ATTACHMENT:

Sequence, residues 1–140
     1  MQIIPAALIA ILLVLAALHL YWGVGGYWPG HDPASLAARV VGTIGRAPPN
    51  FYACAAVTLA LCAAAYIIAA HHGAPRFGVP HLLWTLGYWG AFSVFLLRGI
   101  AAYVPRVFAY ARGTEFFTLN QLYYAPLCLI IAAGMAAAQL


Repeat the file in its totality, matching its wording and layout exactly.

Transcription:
Sequence, residues 1–140
     1  MQIIPAALIA ILLVLAALHL YWGVGGYWPG HDPASLAARV VGTIGRAPPN
    51  FYACAAVTLA LCAAAYIIAA HHGAPRFGVP HLLWTLGYWG AFSVFLLRGI
   101  AAYVPRVFAY ARGTEFFTLN QLYYAPLCLI IAAGMAAAQL